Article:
The fact that he quote’s Marx says it all really.

    • karol 6.1

      Matthew, let me introduce you to the desert of the real.

    • blue leopard (Get Lost GCSB Bill) 6.2

      @ Matthew

      ‘Dreaming up perfect utopias that in the real world have not and never will work’ cuts both ways and brings to mind the neo-liberal theory. Although that may not have been based on a Utopian theory – it certainly was intended to provide for society and yet it has failed miserably.

      It is o.k to try something, yet terribly sad when something has been tried and has failed and yet people continue to justify it.

      Have you read Marx?

      His writing appears to be based on some pretty astute observations and I doubt whether we would have gotten as far as we have with quality of life had his writings not been in existence.

      On what grounds do you discard Marx’s writing?

      • Chooky 6.2.1

        @…probably on the grounds of Ayn Rand and Margaret Thatcher…smirk

        • phillip ure

          @ chooky..

          ..heh..!..you are a rand-ite..?



          ..you do know that despite a pillar of her vile/greed-driven ‘ideas’ being that any person who receives support from the state/fellow-citizens..is a ‘leech’..

          ..that rand herself was in there..filling her boots with welfare..

          ..for years and years..?

          ..but under another/different name..

          ..to hide the fact it was her..in her own words..being a ‘leech’..

          ..did you know that..?

          ..you ‘smirk’ing little randite..

          ..rand was one evil/twisted individual..

          ..and her followers are much the same..i’ve noticed..

          ..and there are a huge number of them in national..

          ..and a disturbing number in the neo-lib wing of labour..

          phillip ure..

          • blue leopard (Get Lost GCSB Bill)

            @ Phillip Ure,

            Nah, I think Chooky was pre-empting that Matthew was discarding Marx on these grounds….(and smirking at the thought…)

            Actually I smirked in response to this comment because I think Chooky has probably guessed correctly…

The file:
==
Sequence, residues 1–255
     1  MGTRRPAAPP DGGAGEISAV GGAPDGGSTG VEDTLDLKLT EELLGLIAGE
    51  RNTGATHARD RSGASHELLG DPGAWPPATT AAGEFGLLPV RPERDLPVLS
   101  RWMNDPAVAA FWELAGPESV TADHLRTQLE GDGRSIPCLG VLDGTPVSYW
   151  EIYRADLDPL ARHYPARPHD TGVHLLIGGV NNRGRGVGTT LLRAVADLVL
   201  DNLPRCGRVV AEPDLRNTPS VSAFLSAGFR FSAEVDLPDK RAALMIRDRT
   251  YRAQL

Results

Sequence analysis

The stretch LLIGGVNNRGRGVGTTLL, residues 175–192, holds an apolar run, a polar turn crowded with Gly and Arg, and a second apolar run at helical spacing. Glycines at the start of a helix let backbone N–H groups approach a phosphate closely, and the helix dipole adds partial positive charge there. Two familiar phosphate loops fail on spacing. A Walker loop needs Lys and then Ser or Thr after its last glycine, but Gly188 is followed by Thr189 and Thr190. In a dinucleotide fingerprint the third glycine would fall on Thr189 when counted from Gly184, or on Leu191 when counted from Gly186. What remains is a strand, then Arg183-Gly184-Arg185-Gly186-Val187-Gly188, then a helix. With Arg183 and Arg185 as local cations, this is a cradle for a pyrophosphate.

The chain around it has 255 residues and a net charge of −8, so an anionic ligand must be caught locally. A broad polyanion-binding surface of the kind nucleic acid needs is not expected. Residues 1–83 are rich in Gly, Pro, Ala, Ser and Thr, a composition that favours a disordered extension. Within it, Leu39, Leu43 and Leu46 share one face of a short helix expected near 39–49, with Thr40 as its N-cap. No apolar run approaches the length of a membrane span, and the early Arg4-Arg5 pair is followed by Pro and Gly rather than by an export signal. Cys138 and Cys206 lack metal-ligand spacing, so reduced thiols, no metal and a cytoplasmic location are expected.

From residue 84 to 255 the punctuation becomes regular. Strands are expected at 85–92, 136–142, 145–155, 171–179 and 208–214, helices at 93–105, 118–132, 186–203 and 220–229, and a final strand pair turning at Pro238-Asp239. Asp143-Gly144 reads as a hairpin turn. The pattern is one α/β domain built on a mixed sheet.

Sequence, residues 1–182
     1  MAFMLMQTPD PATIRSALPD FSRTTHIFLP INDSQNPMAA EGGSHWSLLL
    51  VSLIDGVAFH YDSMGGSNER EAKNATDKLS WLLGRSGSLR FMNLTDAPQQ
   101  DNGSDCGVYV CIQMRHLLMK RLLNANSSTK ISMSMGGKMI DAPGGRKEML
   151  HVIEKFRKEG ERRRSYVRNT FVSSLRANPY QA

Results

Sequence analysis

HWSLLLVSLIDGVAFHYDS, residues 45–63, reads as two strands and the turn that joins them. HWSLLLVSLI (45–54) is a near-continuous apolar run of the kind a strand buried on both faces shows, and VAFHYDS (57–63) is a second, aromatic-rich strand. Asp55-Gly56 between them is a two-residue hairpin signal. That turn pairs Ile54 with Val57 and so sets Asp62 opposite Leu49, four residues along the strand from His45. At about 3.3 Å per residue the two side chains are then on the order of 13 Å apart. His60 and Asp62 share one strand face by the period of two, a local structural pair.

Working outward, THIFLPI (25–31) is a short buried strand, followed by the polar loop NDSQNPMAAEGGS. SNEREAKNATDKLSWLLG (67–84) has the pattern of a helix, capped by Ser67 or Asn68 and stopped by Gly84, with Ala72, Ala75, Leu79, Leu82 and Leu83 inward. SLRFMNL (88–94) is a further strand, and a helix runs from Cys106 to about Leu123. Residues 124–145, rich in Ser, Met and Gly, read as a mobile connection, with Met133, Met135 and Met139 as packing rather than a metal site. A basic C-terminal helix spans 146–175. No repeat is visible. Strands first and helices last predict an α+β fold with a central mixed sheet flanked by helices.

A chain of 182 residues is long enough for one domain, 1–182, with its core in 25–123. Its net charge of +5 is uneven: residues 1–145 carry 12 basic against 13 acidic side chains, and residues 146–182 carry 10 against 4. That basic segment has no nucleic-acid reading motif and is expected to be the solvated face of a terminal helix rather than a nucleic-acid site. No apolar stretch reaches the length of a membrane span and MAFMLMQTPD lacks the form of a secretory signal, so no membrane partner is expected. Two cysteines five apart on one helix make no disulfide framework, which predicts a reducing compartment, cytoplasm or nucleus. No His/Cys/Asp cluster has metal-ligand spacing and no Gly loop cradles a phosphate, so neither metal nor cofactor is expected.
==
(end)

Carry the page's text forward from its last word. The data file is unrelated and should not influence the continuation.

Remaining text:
However I continue to wait patiently for Matthew’s reply…suspect he’s gone off to read some Marx and will never reply, realising the dreadful assumption he has made grounded on nothing but excerpts from Rand’s rantings and Thatcher’s soundbytes…

            • phillip ure

              @ blue leopard..

              you are right..my bad/miss-read..

              ..so i should redirect that to natwest..

              ..and yep..of course he is a randite..

              ..his self-reliance-orgasm further down the thread..

              ..could have been lifted from a monologue from atlas shrugged..

              ..apologies to chooky..

              ..heh..!..(it is 11.05 pm..eh..?..that’s my excuse..!)

              phillip ure..

              • blue leopard (Get Lost GCSB Bill)

                Yes, you should definitely keep that comment as a quick ‘cut and paste’ answer to any Rand-ites lurking around -it’s just too good to waste! :)

    • TRacey 6.3

      yes, cos having opinions based on the highest bidder is so much more grounded and real?

      this must be the firs column of his you ever read to claim he is a socialist.

    • Sosoo 6.4

      In the utopia I dream of, the apostrophe is used correctly.

    • mickysavage 6.5

      Garth a socialist????

      I guess in your reality Barak Obama is a hard line communist …

  7. Olwyn 7

    On this subject I think that Garth is right.

    This, very roughly, is one of the arguments given for neo-liberalism when it was first being unleashed on us: (1) We are living beyond our means. (2) Businesses are answerable to their share-holders rather than the public. (3) Being answerable to share-holders constrains companies to working within their means. (4) Countries would be similarly constrained by the application of this model. (5) Hence, business should be the model for running the country.